I turned 70 this year, and as I thought back on my life and the experiences that have filled it up to this point, I realized that most of it has been intensely involved with the Theta angle. It may sound strange, but I realized this was the case even before the existence of Theta Orthotics. This inspired a bit of writing about how Theta Orthotics came to be, which I’ll be sharing in a series on the blog over the next year or so.
Enjoy Part 1 below!
Discovering The Meaning Of “Theta”
Some of my life before Theta is important to note. It set the stage for a forty-year-long relationship with an angle.
I was first introduced to theta, a Greek letter, by my college trigonometry professor Dr. Miller, about fifty years ago. Although I had struggled in basic algebra in high school, that man managed to teach me both algebra and trigonometry, at the same time.
To the point, as he lectured and wrote on the blackboard with chalk, he referred to all unknown angles as theta, hundreds if not thousands of times. It was only natural that 10 years later when my research was trying to identify, define, and measure a specific angle, I too referred to that angle as theta, hundreds if not thousands of times.
So fast forward through pre-med, podiatric medical school, podiatric surgical residency, private podiatric medical/surgical practice, and landing about two years into my practice, I started experiencing chronic foot pain for the first time. The pain got so bad that I had to consciously try not to limp as I treated my patients. I knew the limitations of both conservative and surgical treatments, and that they had no guarantee of long-term benefits.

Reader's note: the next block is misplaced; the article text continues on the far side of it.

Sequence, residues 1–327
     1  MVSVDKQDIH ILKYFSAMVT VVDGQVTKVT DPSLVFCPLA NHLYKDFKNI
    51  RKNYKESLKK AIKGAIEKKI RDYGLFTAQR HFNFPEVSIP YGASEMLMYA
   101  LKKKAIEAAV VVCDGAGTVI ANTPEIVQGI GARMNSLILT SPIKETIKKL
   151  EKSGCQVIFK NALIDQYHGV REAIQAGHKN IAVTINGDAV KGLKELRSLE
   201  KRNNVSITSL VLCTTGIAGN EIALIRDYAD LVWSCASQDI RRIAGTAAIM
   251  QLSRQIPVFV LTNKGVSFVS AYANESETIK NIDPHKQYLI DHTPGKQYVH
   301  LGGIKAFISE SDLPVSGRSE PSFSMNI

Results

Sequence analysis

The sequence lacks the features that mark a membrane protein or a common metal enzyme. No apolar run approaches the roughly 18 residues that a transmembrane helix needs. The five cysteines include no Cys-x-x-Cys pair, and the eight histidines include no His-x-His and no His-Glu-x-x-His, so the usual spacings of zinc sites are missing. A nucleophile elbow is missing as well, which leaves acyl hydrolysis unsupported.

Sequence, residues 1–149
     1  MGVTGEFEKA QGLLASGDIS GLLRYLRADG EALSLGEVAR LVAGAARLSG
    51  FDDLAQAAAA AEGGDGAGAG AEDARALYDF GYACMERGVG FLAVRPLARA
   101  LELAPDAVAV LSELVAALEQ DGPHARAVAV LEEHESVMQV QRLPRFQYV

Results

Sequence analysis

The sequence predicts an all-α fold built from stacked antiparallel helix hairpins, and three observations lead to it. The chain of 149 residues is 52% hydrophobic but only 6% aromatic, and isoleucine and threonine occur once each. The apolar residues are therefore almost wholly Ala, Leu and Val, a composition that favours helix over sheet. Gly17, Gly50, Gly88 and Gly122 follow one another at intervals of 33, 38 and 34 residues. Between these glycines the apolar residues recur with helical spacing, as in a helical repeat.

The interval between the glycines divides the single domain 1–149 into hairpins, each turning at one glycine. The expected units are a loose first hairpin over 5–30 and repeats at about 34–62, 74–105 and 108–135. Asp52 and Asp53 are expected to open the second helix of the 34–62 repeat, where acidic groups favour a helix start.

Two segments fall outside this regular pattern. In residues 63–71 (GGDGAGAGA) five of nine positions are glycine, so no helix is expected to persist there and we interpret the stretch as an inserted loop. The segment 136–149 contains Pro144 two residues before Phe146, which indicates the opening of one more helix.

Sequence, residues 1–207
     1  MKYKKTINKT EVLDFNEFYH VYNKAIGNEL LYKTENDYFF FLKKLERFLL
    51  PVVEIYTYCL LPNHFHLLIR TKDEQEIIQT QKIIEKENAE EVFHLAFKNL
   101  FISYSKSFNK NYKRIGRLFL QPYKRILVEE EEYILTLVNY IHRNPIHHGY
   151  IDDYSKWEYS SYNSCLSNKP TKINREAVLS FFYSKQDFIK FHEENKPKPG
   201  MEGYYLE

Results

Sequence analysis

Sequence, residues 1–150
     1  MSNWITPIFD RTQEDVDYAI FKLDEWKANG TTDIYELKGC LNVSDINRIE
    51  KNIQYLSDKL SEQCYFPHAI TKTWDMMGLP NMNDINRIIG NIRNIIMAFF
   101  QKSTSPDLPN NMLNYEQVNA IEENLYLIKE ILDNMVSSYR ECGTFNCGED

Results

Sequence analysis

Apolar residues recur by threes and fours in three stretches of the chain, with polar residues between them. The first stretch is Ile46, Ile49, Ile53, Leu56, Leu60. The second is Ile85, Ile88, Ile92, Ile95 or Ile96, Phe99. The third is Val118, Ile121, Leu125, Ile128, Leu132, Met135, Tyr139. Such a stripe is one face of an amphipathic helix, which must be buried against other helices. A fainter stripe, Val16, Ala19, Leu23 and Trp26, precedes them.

To make matters worse, I had been experiencing chronic knee pain for almost 10 years before I developed the chronic foot pain. I was 31-years-old and praying to God for help.
As a physician who was trained to treat these specific conditions, I could not stop what was happening to my own body. Running and jumping was out of the question, and walking and standing could be excruciatingly painful. As both the patient and physician, I became desperate to solve this problem. In my mind, I thought I was trying to identify, understand, and ultimately treat the cause of my chronic pain. I know now that I was getting ready to meet Theta…
Becoming The Patient
Leading up to the time when I first identified Theta, the final motivating factor, was when I became the patient. As a physician I did my best to help my patients, but when I became the patient, the motivation was really there. It caused me to use every skill I had and pay attention to every detail, for as long as it took. I was desperate to stop the pain and still remain active.
The only thing I had observed that decreased the pain was to get off my feet. That’s when the research began…
*Come back later for the next part in this story in the second episode!